Today is my first full day as president of The Heritage Foundation, and the first thing I want to do is thank my predecessor Ed Feulner for the institution he has built over the past 36 years. The second thing I will do is tell you that we will not change the boundless optimism and pride in our country you’ve come to expect from Heritage—or our commitment to make sure America remains a beacon of freedom to the world.
Heritage has always believed the values that made America great—honesty, industriousness, courage, determination—should inform our policies and our public institutions. We must never forget the ideas and principles that made America the strongest and most prosperous nation in history.
Our principles will stay the same, but we will constantly need innovative policy ideas to address our nation’s new problems. Heritage’s experts and researchers are busy every day working out solutions to our myriad national challenges. We don’t need new principles. Our values have stood the test of time. It’s important that we draw this distinction between timeless values that have been with us for centuries and new policies that we will need in the 21st Century.
I’ve been traveling across our country since being selected to succeed Ed, and I can report that our country shows what works and doesn’t. After 50 years of liberal policies, Detroit is bankrupt, culturally as well as financially. There are more than 400 liquor stores in Detroit, but not one chain supermarket. And states like California that have been controlled by liberals for decades might soon go the way of the Motor City.
But conservative principles are working while liberal schemes are failing. In Louisiana, they’re getting their schools to work by giving parents the freedom to choose. In Michigan, they have found freedom to work.
Despite facing long odds, Americans aren’t giving up.
In South Carolina last week, the Heritage team met Lisa Stevens. She had served in the State Board of Education and was told that there was nothing that could be done to fix some middle schools in that state. Lisa didn’t give up—and she fought regulators until she and a bunch of parents opened Langston Charter School, which now has 1,500 students competing for 450 places.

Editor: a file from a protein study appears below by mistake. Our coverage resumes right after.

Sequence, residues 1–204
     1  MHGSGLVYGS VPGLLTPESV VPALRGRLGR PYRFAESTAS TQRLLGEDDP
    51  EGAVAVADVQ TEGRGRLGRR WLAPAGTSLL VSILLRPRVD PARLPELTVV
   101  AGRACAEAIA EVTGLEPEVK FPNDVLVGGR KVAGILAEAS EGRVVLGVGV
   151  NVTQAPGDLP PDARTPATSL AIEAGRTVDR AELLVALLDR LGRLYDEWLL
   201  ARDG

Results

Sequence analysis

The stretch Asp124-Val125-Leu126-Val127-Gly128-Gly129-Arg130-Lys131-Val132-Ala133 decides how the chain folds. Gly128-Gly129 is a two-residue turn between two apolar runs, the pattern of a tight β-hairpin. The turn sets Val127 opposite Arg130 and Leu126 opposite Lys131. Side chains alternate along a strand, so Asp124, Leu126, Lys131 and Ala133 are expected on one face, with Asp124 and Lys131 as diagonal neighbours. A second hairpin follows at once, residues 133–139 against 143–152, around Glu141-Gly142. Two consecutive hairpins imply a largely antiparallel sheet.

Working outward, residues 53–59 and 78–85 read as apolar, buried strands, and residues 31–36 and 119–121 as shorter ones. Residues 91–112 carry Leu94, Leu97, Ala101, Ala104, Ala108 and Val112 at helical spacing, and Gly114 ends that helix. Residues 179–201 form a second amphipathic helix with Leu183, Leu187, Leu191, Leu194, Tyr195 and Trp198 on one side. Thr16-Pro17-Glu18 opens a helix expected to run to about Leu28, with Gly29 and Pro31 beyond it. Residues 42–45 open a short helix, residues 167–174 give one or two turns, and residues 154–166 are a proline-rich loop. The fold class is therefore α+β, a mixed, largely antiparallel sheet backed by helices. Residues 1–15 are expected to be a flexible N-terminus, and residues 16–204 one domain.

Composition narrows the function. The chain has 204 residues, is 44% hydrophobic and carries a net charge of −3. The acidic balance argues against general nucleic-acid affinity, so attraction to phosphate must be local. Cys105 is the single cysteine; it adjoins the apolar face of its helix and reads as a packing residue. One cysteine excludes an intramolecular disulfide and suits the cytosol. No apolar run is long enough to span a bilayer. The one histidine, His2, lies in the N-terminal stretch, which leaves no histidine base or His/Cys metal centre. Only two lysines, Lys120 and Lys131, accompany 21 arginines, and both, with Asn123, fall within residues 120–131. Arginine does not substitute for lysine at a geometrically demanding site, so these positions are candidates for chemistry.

We also met Willard Galvez. When he lost his job in 2010, he and his wife decided they didn’t want to rely on others to support them and their four children, so they started their own business.
Liberal policies have destroyed families and communities and created dependence on government. Putting our society back together will require work.
Take Obamacare. Our government has been making promises it cannot keep. Medicare and Medicaid are already on an unsustainable path, leaving health care for seniors and the poor at risk.
Obamacare’s promises fuel our fiscal challenges, but that’s not the worst thing they do. They make millions of Americans dependent on the government for their health care. By 2021, nearly half of all health care spending will be controlled by the government. To protect the country from this tipping point, Congress must stop the new spending on expanding Medicaid and subsidizing coverage through Obamacare.
Dependency is a scourge eating away at our national fiber and undermining the values that made us a shining city to the rest of the world.
Today, more people than ever before—69.5 million Americans, from college students to retirees to welfare beneficiaries—depend on the federal government for housing, food, income, student aid, or other assistance once considered to be the responsibility of individuals, families, neighborhoods, churches, and other civil society institutions. The United States must reverse the direction of these trends or face economic and social collapse.
And the most important social tool to fight dependence on government, the family, is also under attack. The Supreme Court is considering challenges to two marriage laws, and hopefully the judges will stand up for marriage as we have known it since the dawn of time.
Whatever the Court’s decision in June, Heritage will redouble its efforts to restore a culture of marriage in this country, particularly for the most vulnerable. We know that children born and raised outside marriage are five times more likely to experience poverty. Marriage precedes government, and government policy will either witness to the truth or tell a lie about this fundamental institution.
The last point I want to make is about the energy sector and the federal government’s attempt to micromanage it. Never has there been so much promise—or so many hurdles—to exploring and developing the nation’s natural resources. Energy production on private and state lands is thriving, while production on federal lands has slowed or is nonexistent, because large swaths of land and water are completely off limits.
Congress and the federal government need to open access to America’s resources on federal lands and ultimately transition the permitting and regulatory process to the state regulators where that energy lies. This is one of the keys to getting our economy going again.
I promise you that Heritage will not let up on these and many other issues in the years to come. All of us here will put our shoulder to the wheel to restore American society to what it once was. This is my guarantee to you on my first day.